In estate planning, family members often have to act together. In order for them to do so, however, a strategy must be formulated and advice taken on it. This is often done by one person, often a father, to whom the rest of the family defer. That is natural but too much dominance and too much deference can be dangerous for it may vitiate the acts on which the strategy depends. On occasions, however, ignorance proves later to be bliss.
In the case of MacKay v. Wesley  EWHC 3400 (Ch) a father decided to implement a tax avoidance scheme in which UK resident trustees were to be appointed to a formerly non-resident trust after it had realised a capital gain and distributed the disposal proceeds of £3.6m. Mrs MacKay acting on her father’s instructions, accepted an appointment as one of the trustees when the trust had only £61,000 in it. She was, as the High Court judgment records, ‘impecunious’. The tax planning having failed she found that, by virtue of her trusteeship, she was liable to a CGT bill of £1.6m. Fortunately for Mrs MacKay, the High Court found that her acceptance of the trusteeship was the result of the undue influence of her father and set it aside. In doing so the presiding judge said:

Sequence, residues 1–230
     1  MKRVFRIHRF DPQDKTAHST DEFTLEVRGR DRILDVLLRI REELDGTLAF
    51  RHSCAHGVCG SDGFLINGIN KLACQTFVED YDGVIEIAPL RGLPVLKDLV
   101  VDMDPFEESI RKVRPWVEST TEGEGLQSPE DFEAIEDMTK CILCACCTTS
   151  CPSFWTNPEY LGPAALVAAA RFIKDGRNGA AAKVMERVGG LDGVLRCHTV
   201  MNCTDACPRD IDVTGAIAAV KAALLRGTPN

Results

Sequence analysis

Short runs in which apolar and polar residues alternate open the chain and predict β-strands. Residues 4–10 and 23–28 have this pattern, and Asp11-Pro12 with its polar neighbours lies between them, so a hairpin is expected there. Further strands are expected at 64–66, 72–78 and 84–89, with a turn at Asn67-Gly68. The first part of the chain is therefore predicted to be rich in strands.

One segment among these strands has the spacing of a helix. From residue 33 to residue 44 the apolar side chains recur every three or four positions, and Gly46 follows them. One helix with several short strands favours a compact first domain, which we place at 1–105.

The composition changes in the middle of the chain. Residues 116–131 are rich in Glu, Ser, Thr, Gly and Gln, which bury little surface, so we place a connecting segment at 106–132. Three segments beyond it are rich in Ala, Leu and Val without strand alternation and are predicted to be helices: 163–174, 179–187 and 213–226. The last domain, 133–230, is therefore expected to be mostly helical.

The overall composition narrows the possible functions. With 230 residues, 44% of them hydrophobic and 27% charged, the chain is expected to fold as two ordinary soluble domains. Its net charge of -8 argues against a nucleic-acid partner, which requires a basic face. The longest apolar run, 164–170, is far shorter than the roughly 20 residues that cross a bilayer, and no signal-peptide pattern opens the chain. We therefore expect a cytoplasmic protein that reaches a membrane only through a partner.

‘Finally, I should make it clear that I do not consider the fact that HMRC may lose a potentially valid claim for tax against the Appellant makes rescission [to grant Mrs MaKay’s application] unfair …’